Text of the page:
Why Crying Equals Thriving

The science of crying reveals tears are one of the most honest forms of communication.

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If you are a Harry Potter fan, the deaths of Fred Weasley, Nymphadora Tonks, and Remus Lupin during the Battle of Hogwarts might do it. If you’re more of a traditionalist, maybe it’s Beth’s demise in Little Women. If your lachrymal glands don’t respond to the written word, surely they do to the scene in The Green Mile where a terrified John Coffey, in the prison’s death chamber, tearfully begs the warden not to lower the executioner’s hood over his head…because, he explains piteously, he’s afraid of the dark.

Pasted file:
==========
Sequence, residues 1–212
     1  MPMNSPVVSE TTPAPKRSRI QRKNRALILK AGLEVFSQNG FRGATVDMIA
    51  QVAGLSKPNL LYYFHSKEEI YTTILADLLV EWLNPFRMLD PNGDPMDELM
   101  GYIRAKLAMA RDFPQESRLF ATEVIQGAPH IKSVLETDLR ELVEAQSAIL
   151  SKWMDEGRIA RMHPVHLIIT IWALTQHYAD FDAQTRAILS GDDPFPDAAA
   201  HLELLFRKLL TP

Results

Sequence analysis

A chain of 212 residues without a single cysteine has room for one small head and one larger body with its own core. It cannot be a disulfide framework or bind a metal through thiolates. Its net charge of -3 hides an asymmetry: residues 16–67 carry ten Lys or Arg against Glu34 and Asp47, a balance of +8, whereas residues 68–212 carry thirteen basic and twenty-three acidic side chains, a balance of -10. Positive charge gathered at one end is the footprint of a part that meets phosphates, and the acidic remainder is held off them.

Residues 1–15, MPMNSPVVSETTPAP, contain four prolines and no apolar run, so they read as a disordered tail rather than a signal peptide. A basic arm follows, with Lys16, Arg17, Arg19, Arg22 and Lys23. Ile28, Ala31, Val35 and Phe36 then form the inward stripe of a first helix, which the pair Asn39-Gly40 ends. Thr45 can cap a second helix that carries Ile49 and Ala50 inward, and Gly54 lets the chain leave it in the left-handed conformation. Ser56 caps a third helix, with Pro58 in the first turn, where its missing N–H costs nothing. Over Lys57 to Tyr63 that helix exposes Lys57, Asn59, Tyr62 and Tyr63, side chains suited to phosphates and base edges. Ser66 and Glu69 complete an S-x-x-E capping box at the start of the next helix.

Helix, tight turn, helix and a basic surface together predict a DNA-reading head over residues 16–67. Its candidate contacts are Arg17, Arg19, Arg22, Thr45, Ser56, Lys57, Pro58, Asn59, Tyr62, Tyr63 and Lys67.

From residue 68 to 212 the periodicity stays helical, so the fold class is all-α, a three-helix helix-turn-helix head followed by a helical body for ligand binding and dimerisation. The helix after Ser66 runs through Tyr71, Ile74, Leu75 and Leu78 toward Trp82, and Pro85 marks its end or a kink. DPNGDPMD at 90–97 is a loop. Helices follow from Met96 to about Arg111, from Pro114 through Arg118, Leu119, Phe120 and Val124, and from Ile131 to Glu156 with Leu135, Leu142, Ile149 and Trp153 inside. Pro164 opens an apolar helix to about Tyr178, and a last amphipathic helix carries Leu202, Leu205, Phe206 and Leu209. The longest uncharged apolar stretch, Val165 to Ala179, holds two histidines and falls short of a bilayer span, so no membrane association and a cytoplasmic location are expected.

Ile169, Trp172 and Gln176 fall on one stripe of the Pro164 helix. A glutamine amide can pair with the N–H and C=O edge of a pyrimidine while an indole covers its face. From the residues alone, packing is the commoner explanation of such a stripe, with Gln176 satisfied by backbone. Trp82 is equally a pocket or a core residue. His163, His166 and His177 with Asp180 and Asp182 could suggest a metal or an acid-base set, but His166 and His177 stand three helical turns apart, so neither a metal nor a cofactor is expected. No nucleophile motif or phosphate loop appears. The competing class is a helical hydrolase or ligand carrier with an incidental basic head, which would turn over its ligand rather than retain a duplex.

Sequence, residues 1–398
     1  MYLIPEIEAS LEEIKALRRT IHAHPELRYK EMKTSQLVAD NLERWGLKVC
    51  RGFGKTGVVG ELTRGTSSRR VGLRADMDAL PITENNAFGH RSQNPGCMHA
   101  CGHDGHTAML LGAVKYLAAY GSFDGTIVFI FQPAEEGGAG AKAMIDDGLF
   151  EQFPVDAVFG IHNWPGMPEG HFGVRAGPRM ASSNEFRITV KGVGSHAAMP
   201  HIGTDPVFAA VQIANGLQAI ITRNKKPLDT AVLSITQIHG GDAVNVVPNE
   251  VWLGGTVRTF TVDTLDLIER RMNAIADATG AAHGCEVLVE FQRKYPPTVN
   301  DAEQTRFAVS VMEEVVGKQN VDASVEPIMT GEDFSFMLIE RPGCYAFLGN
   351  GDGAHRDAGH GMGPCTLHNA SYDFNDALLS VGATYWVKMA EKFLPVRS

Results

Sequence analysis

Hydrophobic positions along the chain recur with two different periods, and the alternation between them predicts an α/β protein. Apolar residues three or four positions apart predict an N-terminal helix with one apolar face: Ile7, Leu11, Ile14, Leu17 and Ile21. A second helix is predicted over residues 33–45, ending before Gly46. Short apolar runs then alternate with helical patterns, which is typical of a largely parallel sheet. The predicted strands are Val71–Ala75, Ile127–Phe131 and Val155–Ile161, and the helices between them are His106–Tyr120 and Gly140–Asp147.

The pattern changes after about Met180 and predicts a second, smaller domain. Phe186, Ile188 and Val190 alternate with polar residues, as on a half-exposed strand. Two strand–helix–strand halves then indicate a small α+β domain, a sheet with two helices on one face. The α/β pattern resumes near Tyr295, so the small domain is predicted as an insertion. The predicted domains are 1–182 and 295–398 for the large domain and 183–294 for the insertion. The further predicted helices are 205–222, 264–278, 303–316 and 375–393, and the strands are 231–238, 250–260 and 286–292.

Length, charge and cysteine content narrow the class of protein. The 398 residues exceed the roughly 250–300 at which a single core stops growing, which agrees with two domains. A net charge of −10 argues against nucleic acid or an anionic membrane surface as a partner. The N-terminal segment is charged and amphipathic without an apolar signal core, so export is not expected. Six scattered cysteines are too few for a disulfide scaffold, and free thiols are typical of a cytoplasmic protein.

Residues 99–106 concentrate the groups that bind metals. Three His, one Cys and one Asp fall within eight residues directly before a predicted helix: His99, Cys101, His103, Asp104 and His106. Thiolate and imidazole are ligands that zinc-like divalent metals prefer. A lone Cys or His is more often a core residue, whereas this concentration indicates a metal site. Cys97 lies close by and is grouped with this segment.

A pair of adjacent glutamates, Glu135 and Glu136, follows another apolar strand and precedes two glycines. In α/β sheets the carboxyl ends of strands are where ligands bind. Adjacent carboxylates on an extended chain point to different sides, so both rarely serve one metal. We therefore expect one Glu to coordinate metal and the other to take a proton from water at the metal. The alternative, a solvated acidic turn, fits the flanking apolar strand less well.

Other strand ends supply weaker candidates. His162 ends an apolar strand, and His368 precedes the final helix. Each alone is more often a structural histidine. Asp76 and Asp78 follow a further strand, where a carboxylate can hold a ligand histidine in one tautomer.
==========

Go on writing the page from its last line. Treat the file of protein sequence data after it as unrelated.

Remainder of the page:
Or if you’re unmoved by flights of fictional fancy, maybe it’s the moment when the bride takes her first steps down the aisle, or the choir launches into a hymn that speaks to your heart…or you stand beside the grave of someone who loved you more than anyone in the whole world ever has or will.

You cry. Even when you’re not in danger, you’re not pleading for help, you’re not in physical pain—all situations where crying serves what scientists suspect is its primary purpose: signaling the need for comfort or rescue. That crying serves that function is a little puzzling, since this biological signaling device appears to be reserved only…

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